Once these new Remote Desktop apps, which include an overhauled version of the two-year-old Mac Remote Desktop client, are available, Microsoft will be providing access to virtual desktops on everything from Windows and Windows RT, to iOS, OS X and Android. Users will be able to connect from devices running these operating systems to Windows and Windows Servers to work with applications and files stored there.
•Access to remote resources through the Remote Desktop Gateway •Rich multi-touch experience with remote desktop protocol (RDP) and RemoteFX supporting Windows gestures
•Secure connection to your data and applications with breakthrough Network Layer Authentication (NLA) technology
•Simple management of all remote connections from the connection center
•High quality video and sound streaming with improved compression and bandwidth usage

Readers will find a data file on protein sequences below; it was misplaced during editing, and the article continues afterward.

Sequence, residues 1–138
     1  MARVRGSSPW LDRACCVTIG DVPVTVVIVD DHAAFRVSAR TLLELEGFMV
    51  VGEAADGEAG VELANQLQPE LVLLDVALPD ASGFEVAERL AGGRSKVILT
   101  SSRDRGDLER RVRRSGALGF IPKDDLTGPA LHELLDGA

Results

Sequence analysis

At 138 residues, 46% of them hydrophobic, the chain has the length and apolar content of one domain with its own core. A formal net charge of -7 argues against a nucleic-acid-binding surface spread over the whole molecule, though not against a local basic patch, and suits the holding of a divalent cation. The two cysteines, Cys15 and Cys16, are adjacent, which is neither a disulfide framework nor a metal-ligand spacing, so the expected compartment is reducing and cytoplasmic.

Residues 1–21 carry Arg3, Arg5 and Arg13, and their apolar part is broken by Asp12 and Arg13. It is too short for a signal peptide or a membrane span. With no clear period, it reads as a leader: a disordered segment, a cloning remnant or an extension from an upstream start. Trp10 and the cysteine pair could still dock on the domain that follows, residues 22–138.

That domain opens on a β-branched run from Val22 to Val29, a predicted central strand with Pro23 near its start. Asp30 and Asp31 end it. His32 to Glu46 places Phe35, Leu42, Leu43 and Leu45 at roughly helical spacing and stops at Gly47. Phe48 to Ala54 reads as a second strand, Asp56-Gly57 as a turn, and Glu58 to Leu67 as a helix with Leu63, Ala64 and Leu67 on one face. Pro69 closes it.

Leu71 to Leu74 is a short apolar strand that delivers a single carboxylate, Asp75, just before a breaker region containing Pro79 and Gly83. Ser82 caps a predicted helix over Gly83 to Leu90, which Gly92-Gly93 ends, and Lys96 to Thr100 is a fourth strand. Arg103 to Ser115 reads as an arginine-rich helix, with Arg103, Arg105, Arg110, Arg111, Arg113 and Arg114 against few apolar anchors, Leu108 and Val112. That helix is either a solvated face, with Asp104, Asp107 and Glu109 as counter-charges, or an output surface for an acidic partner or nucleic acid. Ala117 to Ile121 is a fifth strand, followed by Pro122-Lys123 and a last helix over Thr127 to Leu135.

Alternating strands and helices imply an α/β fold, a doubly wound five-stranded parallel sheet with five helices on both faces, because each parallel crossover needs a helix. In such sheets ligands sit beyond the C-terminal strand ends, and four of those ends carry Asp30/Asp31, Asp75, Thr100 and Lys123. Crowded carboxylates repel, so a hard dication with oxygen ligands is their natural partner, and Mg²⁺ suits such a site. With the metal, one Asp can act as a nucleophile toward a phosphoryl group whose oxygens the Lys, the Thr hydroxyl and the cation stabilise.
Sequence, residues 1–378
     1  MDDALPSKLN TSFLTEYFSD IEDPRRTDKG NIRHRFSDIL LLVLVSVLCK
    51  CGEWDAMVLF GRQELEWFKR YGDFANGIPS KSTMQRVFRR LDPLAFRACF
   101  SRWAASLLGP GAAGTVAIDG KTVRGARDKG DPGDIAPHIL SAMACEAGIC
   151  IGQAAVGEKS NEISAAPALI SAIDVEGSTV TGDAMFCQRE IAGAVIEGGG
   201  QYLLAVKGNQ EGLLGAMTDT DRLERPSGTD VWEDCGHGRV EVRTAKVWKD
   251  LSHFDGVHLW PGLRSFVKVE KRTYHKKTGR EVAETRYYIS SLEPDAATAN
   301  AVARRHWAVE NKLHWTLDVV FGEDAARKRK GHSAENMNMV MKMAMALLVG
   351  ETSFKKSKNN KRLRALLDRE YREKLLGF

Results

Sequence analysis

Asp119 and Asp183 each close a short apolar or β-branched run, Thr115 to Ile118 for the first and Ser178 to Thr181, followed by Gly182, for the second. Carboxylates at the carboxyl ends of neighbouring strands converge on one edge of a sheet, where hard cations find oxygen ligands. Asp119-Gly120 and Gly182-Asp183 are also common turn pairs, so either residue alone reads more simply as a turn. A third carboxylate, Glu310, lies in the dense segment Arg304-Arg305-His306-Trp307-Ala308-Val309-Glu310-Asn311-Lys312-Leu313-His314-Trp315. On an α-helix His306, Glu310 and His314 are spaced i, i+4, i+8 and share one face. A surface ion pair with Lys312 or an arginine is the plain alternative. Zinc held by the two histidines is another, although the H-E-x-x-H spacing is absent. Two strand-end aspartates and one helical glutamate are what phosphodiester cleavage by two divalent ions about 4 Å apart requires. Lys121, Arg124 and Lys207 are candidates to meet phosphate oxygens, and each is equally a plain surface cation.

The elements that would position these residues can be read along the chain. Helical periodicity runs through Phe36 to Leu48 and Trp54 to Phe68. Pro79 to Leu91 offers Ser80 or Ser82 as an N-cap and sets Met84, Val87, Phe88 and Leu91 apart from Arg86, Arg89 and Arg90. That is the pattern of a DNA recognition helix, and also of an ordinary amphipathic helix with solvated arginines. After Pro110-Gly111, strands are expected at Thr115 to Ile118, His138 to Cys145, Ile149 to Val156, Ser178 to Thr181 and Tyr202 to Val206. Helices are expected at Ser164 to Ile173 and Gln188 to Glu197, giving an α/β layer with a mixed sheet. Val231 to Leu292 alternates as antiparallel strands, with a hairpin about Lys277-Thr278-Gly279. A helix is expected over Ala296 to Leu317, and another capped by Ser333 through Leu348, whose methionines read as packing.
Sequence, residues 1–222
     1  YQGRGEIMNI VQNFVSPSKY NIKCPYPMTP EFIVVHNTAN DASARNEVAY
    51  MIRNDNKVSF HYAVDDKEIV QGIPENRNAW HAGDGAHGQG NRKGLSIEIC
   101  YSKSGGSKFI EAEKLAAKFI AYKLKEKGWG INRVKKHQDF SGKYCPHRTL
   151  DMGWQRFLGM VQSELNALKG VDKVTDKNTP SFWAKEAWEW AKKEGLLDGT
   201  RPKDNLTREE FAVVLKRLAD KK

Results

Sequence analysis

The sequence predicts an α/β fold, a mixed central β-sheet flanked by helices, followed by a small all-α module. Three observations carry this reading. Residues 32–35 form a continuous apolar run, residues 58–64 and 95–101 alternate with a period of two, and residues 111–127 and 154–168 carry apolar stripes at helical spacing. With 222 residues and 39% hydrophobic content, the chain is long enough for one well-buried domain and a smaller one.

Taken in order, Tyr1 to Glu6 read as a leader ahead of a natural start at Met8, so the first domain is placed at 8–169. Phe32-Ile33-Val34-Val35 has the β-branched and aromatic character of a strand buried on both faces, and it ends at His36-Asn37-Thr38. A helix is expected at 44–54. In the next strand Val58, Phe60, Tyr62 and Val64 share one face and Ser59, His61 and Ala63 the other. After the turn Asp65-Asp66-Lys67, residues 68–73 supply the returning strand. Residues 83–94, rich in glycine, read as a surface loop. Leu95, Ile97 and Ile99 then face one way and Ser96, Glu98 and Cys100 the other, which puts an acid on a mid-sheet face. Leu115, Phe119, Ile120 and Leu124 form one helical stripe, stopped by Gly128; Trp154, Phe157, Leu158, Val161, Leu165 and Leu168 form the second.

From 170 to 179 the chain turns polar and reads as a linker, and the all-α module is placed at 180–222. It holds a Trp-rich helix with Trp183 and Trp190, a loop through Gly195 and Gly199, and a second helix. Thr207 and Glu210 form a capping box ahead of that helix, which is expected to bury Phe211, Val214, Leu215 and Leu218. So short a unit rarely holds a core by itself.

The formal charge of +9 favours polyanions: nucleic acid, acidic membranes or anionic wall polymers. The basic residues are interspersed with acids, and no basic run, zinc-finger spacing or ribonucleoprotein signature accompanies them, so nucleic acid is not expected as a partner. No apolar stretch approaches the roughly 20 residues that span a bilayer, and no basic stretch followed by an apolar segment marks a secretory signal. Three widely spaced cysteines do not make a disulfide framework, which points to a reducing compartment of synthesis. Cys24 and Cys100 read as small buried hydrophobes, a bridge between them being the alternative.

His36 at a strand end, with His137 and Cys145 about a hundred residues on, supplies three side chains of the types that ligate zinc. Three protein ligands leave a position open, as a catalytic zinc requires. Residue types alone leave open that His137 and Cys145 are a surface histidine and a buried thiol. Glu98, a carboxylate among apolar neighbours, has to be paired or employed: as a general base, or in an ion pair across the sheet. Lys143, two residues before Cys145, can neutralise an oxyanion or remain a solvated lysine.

•Easy connection to external monitors or projectors for presentations
The Mac version adds printing to Mac-configured printers, and support for multiple monitors or projectors for presentations.
Reviews on the Mac App Store were mostly positive, although some users reported crashes, and issues with its non-Mac-style user interface.
For example, Macboy1975 wrote that the client was good but missing "a few things." He also noted that it takes longer to establish a RDP connection with Remote Desktop 8.0 than with than other clients he uses.
The single biggest problem is that there is no "unity" view where you have a list of servers on one side of the RDP window. This is my favorite feature of CoRD [CoRD: Simple RDP Remote Desktop] because it allows you to have dozens of open RDP connections all managed through a single window with a list of servers on the side. When your RDP connections are open in separate windows, it becomes difficult to manage them and — worse yet — it becomes much more likely that you'll click into the wrong window and do something that you intended to do on another machine. It's a real risk that's far less likely with a CoRD-like approach.